Alternatively, the council could continue to provide support through the funding of infrastructure support (currently Community Works Partnership) to CVS organisations to provide ongoing and sustainable support to organisations to help them weather changes and become more sustainable.


Furthermore, the council could continue to retain agile use of the Communities Fund, within the Fund’s framework, to respond to longer term impact of Covid-19. Using the learning from the emergency and recovery rounds in 2020/21.


4.4.2   Partnership working


The Head of CETS meets quarterly with officers from across the council who have a strategic and/or financial relationship with the CVS. This provides an opportunity for issues and opportunities to be identified and learning to be shared.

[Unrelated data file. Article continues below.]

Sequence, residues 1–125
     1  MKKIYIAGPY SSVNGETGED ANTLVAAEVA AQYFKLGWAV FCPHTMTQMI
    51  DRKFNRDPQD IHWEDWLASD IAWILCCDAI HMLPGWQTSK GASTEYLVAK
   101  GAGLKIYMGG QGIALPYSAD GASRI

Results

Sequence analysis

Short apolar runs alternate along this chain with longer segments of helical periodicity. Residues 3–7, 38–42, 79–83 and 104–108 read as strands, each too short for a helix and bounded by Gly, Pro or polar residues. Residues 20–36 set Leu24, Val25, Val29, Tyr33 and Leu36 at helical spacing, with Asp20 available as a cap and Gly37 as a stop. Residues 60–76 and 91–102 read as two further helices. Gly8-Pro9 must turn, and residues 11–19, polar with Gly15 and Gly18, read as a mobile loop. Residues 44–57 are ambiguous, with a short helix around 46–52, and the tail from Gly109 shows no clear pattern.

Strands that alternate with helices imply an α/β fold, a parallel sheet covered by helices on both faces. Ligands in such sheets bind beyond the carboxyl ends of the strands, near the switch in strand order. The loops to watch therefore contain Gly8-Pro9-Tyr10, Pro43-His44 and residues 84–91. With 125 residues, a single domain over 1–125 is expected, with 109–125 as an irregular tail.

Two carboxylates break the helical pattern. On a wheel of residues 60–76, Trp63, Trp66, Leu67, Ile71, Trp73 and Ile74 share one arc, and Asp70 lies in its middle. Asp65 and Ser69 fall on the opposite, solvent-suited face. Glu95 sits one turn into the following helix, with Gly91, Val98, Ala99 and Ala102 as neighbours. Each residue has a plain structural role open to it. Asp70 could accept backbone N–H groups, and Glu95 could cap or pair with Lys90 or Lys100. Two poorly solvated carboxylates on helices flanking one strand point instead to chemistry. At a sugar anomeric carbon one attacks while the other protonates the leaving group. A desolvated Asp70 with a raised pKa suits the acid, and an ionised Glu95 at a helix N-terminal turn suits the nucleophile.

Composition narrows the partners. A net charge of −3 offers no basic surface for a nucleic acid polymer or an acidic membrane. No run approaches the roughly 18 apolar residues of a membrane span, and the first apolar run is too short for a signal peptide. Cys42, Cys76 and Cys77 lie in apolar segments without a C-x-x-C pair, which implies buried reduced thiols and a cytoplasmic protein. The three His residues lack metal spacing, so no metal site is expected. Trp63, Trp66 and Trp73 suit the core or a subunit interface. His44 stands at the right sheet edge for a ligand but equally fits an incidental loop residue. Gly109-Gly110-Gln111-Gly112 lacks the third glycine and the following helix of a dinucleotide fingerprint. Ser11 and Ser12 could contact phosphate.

4.5 Support, reward and recognise the role of volunteers


During the Covid-19 emergency phase a multi-agency volunteering workstream (under the vulnerable people’s cell) was established to provide oversight of the management and use of volunteers in the city. This was to ensure the well-being and safety of the volunteers and those they supported, to link local work with schemes being developed nationally and to co-ordinate between CVS, council and health.